A meteorite from an asteroid tracked by scientists lies in the Nubian Desert in northern Sudan

NASA's Jet Propulsion Laboratory in Pasadena, Calif., created a search grid and impact target area. The data helped Peter Jenniskens, an astronomer at NASA's Ames Research Center in Moffett Field, Calif., and the SETI Institute of Mountain View, Calif., guide a recovery team from the University of Khartoum in Sudan to search the desert landscape. During four expeditions, approximately 150 students recovered nearly 600 meteorite fragments weighing a total of more than 23 pounds.

"Right from the start, the students were surprised to find so much diversity in meteorite texture and hue," said Muawia Shaddad, an astronomer at the University of Khartoum, who led the search effort. "We estimate the asteroid initially weighed about 59 tons, of which about 86 pounds survived the explosion high in the atmosphere."

Fragment of Asteroid 2008 TC3

Subsequently, scientists determined most of the fragments are a rare type of meteorite called ureilites. Less than 10 of the nearly 1,000 known meteorites are ureilites. The recovery team made history when they found the first-ever freshly fallen mixed-composition, or polymict ureilite. The majority of the remaining fragments are similar to the more common types of meteorites called chondrites.

Other Ames researchers showed the ureilite fragments contained widely varying amounts of the minerals called olivine and pyroxene. Carnegie Institute of Washington researchers found these minerals have the full range of oxygen atom signatures detected in previous ureilites. Scientists believe this is evidence all ureilites originated from the same source, called the ureilite parent body. Astronomers theorize the parent body experienced a giant collision approximately 4.5 billion years ago and caused iron-rich minerals to smelt into metallic iron. However, the olivine and pyroxene didn't melt, which allowed the oxygen atoms in them to stay in the same arrangement as when they first formed.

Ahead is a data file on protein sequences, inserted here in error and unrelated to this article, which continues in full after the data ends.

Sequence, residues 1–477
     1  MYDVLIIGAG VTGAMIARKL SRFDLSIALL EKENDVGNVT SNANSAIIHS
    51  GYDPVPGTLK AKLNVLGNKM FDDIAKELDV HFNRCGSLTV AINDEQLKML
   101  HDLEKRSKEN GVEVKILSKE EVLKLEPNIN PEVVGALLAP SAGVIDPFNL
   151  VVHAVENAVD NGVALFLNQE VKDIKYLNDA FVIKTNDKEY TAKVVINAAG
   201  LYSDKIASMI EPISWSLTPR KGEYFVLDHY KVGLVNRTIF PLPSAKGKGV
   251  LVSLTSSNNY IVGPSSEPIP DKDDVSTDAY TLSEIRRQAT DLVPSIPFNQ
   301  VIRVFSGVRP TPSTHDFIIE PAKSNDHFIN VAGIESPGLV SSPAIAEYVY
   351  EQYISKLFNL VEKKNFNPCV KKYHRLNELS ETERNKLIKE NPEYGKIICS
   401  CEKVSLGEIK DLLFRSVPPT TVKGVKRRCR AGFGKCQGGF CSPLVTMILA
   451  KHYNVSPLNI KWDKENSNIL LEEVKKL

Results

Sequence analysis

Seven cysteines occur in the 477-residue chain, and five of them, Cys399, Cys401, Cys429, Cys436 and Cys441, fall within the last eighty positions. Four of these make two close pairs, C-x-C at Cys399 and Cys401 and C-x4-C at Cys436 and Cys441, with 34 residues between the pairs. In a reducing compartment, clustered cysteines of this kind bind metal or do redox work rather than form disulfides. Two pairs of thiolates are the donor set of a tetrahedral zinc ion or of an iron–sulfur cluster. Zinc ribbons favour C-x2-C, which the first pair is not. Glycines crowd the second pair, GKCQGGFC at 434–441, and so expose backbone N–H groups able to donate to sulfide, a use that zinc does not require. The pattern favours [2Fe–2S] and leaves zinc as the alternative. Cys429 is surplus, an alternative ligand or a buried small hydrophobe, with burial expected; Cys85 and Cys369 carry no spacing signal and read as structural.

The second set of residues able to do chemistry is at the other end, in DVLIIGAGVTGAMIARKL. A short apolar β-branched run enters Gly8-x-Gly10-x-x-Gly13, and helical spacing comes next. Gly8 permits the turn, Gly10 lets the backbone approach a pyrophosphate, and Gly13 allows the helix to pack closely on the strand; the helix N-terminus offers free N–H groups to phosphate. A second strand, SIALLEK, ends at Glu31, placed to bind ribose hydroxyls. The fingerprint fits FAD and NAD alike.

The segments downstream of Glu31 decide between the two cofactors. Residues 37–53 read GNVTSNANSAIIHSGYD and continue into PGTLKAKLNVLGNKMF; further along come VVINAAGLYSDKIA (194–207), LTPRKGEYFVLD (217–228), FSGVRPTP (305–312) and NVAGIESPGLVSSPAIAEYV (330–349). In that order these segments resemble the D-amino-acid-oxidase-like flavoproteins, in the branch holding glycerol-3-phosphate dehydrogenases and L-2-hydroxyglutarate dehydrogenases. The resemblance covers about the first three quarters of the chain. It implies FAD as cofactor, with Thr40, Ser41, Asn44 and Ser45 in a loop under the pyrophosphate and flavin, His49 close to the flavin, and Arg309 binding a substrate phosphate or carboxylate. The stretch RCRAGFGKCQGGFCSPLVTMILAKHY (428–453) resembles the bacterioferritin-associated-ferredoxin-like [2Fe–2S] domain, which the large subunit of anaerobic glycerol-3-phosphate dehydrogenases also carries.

Tieschitz H/L3.6 (Czech Republic) meteorite fragment (chondrites) seen by microscope, the olivine and pyroxene minerals

Researchers at NASA's Johnson Space Center in Houston were able to deduce that much of the ureilite parent body was reduced to fragments measuring 30 to 300 feet during this giant collision. After the catastrophic collision, scientists believe the material that ended up making 2008 TC3 had a long history of violent collisions and impacts. These later collisions ground the fragments down into the smaller sand grain-sized pieces that gathered loosely together with many voids.

Researchers believe the amino acids were delivered to 2008 TC3 during the later impacts, or formed directly from trapped gases as the asteroid cooled following the giant collision. Other non-ureilite types of meteorites also became part of the asteroid. To date, ten different meteorite types have been identified, accounting for 20-30 percent of the asteroid's recovered remains.